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Proteins play a large role in DNA regulation, but a new study finds that DNA molecules directly interact with one another in a way that's dependent on the sequence of the DNA and epigenetic factors. This could have implications for how DNA is organized in the cell and even how genes are regulated in different cell types, the researchers say.

Led by Aleksei Aksimentiev, a professor of physics at the University of Illinois, and Taekjip Ha, a professor of biophysics and biophysical chemistry at Johns Hopkins University and an adjunct at the University of Illinois Center for the Physics of Living Cells along with Aksimentiev, the researchers published their work in the journal Nature Communications.

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A new study offers the first atomic-scale view of an interaction between the HIV capsid – the protein coat that shepherds HIV into the nucleus of human cells – and a host protein known as cyclophilin A. This interaction is key to HIV infection, researchers say.

A paper describing the research appears in the journal Nature Communications.

Cyclophilin A is found in most tissues of the human body, where it plays a role in the inflammatory response, immunity and the folding and trafficking of other proteins. When it fails to work properly or is overproduced in cells, cyclophilin A also can contribute to diseases such as rheumatoid arthritis, asthma, cancer and cardiovascular disease. It also facilitates some viral infections, including HIV.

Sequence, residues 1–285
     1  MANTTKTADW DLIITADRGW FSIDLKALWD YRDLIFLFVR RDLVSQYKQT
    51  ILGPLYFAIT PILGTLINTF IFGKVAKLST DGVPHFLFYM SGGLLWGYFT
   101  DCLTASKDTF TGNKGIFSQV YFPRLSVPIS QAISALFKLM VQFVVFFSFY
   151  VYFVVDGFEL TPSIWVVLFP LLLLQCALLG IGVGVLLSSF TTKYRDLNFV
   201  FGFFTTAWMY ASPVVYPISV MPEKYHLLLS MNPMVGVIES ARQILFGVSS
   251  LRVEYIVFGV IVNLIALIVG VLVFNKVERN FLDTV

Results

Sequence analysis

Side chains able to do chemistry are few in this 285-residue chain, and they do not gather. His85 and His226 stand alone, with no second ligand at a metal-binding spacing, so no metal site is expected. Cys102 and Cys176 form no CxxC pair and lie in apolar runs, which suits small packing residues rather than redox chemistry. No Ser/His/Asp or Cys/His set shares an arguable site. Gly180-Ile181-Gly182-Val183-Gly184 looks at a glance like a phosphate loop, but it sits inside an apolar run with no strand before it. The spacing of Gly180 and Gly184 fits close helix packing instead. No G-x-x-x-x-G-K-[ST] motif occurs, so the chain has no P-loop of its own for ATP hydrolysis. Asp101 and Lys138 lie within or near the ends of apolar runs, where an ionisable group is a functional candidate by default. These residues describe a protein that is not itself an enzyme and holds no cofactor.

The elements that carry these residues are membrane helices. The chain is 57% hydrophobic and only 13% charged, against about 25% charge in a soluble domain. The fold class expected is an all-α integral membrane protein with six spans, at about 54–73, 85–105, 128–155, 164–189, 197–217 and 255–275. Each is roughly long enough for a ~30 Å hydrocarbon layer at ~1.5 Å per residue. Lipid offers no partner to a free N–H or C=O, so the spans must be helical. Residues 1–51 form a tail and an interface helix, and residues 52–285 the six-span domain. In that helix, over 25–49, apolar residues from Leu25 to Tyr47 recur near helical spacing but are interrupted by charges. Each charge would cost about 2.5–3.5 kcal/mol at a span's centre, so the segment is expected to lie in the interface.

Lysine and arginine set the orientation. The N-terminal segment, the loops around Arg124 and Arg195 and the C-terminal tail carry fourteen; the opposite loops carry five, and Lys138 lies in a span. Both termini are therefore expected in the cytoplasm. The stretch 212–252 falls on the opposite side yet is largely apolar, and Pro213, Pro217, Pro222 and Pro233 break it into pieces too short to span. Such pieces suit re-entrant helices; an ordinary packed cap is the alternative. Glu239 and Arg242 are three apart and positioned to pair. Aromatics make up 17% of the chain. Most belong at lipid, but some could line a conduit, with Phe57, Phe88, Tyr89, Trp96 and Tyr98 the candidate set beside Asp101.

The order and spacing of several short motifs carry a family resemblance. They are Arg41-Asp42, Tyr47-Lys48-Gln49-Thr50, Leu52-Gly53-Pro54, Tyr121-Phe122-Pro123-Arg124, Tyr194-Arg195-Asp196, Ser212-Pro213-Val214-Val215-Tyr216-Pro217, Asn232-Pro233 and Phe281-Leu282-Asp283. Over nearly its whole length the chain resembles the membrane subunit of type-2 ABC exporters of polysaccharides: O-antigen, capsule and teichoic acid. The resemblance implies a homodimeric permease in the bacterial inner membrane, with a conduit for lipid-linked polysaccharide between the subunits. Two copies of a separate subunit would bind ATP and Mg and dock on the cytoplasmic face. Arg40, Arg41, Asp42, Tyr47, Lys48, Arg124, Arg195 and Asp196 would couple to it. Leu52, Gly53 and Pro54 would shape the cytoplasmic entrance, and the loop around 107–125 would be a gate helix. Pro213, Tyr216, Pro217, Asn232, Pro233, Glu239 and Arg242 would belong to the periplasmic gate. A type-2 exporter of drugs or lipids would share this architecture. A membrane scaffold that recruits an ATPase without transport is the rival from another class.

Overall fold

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Bacterial chemotaxis, the process by which a bacterium changes direction in response to environmental cues, involves a complex array of chemical receptors (red, elongated molecules) and other sensory proteins (blue and green molecules), which work together to process sensory information. A new study offers high-resolution details of the structure and function of the chemosensory array, researchers report. 

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University of Illinois Swanlund Professor of Physics Nigel Goldenfeld, graduate student Farshid Jafarpour, and postdoctoral researcher Tommaso Biancalani have made a breakthrough in one of the most central chemical quirks of life as we know it: homochirality, the uniform “handedness” of biological molecules. Their new model addressing the emergence of this feature, published in Physical Review Letters (doi: 10.1103/PhysRevLett.115.158101) and highlighted by Physics suggests that homochirality can be used as a universal signature of life.

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Researchers, led by a team from the Beckman Institute, combined the power of two computational programs to determine the atomic structure of the abiological molecule cyanostar. This breakthrough will allow researchers to investigate the structure of more abiological molecules, which are relatively unknown.